Grasp the opportunity: Tax-loss harvest your legacy mutual fund portfolio
It’s easy to say something should be done. It’s much harder to do it.
We are living in a different world today, yet much remains the same. We know the grass needs mowing but getting out the mower … that takes effort. Laundry needs to get done, but we wait until we are almost out of shirts. Or how about this one, for those of us that are parents: what has changed is that most parents have suddenly become educators, on top of everything else. What has not changed is the number of times that the kids need to be reminded to brush their teeth! It’s easier said than done.
Helping clients with their long–term financial plans—that is what we all do. It is an important job, one that is focused on providing financial security for people.
What is hard sometimes is knowing the right steps to take to move forward. Actually doing it is even harder.
Consider taxes in investment planning
Let’s talk about the topic of taxable accounts and how to structure investments in a tax–efficient manner. It’s obvious that it’s the right thing for clients. What is hard is actually doing it and knowing what steps to take. Harder still is the analysis—how does one calculate the cost and the benefit of transitioning to a more tax–efficient portfolio?
Here is an easy way to think about it and calculate the cost of switching. Look at the Net Asset Value (NAV) of a mutual fund today, and compare it to the purchased NAV. Those numbers are remarkably easy to find—current NAV is published daily, and a client’s purchased NAV should be on their statement or otherwise readily available. The difference in the two numbers (purchased NAV vs. current NAV) is an investor’s price return.
The current NAV already reflects adjustments for past dividend and capital gain distributions, which investors would’ve needed to pay taxes on. So, it’s adjusted downward by the amount of prior distributions. Which, in the case of the topic at hand, means that the difference between the two NAVs is the total capital gain an investor would need to pay taxes on if they sold now. Add to this the fact that the market is still down for the year (as of xxxxxx) and there is a decent likelihood a given client’s portfolio could be near or at tax neutral if they sold today. Meaning, transitioning out of that legacy mutual fund portfolio could have very little to no tax impact to the client. That would make switching easy, wouldn’t it!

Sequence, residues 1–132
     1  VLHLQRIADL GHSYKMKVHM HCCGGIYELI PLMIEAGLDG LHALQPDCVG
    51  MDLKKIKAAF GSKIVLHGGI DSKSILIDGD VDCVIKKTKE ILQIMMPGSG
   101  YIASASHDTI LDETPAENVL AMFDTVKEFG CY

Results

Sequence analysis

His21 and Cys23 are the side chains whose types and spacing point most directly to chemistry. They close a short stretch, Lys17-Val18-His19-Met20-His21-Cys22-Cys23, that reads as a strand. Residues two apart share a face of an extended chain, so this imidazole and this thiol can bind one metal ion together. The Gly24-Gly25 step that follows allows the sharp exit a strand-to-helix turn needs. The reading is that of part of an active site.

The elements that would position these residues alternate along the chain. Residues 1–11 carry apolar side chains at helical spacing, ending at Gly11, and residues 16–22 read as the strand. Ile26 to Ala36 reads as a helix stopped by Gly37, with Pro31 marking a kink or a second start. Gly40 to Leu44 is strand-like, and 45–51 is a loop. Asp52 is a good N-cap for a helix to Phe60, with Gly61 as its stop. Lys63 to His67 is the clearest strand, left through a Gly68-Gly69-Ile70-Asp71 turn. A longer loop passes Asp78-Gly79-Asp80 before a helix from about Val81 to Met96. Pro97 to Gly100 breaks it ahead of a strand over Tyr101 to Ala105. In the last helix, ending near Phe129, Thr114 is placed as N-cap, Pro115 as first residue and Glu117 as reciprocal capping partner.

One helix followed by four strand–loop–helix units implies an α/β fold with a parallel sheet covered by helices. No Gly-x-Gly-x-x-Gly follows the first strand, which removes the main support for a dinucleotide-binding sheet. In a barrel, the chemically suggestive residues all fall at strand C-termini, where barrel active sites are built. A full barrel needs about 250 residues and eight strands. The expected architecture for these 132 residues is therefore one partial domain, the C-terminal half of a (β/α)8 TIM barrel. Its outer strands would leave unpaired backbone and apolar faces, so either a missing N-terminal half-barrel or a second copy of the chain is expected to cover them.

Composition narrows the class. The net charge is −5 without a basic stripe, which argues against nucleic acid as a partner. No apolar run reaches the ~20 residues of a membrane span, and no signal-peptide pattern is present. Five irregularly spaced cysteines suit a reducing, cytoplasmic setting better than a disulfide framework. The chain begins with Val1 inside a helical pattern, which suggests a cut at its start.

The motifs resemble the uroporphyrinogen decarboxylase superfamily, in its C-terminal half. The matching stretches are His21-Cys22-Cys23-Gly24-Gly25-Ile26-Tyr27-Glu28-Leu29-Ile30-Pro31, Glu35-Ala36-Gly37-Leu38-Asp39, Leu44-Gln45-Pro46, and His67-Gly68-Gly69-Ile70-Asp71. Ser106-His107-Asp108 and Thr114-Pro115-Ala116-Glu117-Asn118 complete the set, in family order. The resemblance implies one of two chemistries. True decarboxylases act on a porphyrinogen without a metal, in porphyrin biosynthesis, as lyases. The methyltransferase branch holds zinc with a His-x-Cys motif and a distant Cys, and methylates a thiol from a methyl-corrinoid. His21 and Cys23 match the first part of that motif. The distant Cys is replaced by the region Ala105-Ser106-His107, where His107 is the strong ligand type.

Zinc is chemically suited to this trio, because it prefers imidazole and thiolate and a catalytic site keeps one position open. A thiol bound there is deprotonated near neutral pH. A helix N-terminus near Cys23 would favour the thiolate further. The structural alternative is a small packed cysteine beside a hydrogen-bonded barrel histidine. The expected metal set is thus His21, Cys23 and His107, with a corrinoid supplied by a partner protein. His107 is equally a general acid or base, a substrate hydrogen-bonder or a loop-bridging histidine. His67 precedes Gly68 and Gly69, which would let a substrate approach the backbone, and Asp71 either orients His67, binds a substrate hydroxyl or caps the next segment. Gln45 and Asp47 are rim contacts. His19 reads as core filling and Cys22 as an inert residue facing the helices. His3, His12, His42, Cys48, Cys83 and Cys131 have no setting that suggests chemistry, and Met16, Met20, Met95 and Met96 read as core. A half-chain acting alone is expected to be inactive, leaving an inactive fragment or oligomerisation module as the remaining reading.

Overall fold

If you are curious how this could be, keep reading as the data is below.
Using NAV to calculate tax switching costs
The proof is in the numbers. We compiled the data below from the Morningstar. Let’s assume an investor bought a U.S. equity mutual fund three years ago—69% of funds had a lower NAV than three years ago. Meaning the tax cost of switching for those investors is most likely zero (or less than zero if able to realize a loss). Diving deeper, let’s say an investor had a small cap blend fund. 98% of small cap blend funds had a NAV lower on May 15, 2020, than three years prior! This makes the cost of switching much easier, or even advantageous if a loss is realized.
Click image to enlargeSource: Morningstar Direct as of May 15, 2020
Let’s take a further look back – over the last 5 years. The numbers work out to be almost the same. 67% of U.S. equity funds have a lower NAV vs. five years prior. For funds focused on value stocks, that number is over 90%, while small cap blend funds work out to be 99% again.
Click image to enlarge
Source: Morningstar Direct as of May 15, 2020
We believe the story – meaning the opportunity of making a low to no tax cost switch to a better tax-managed outcome – is even more appealing as you move outside of the U.S. Among international developed funds, 88% have a lower NAV compared to 5 years ago, while that number goes up to 99% for international blend funds.
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Morningstar Direct as of May 15, 2020
How to take action
Consider how this information and data can help you move clients to a better after–tax outcome going forward. The cost of switching right now may be low and likely lower than you thought. The future might not hold the same opportunities as what is available right now. Putting a plan together of how to take action is key.
Take advantage of this current market opportunity to have a different conversation with your clients. Use it as a way to make adjustments to their long–term financial well-being by taking better control of tax cost. And lastly, use this as a way to have a more robust conversation with prospects. They too can use this type of help and advice.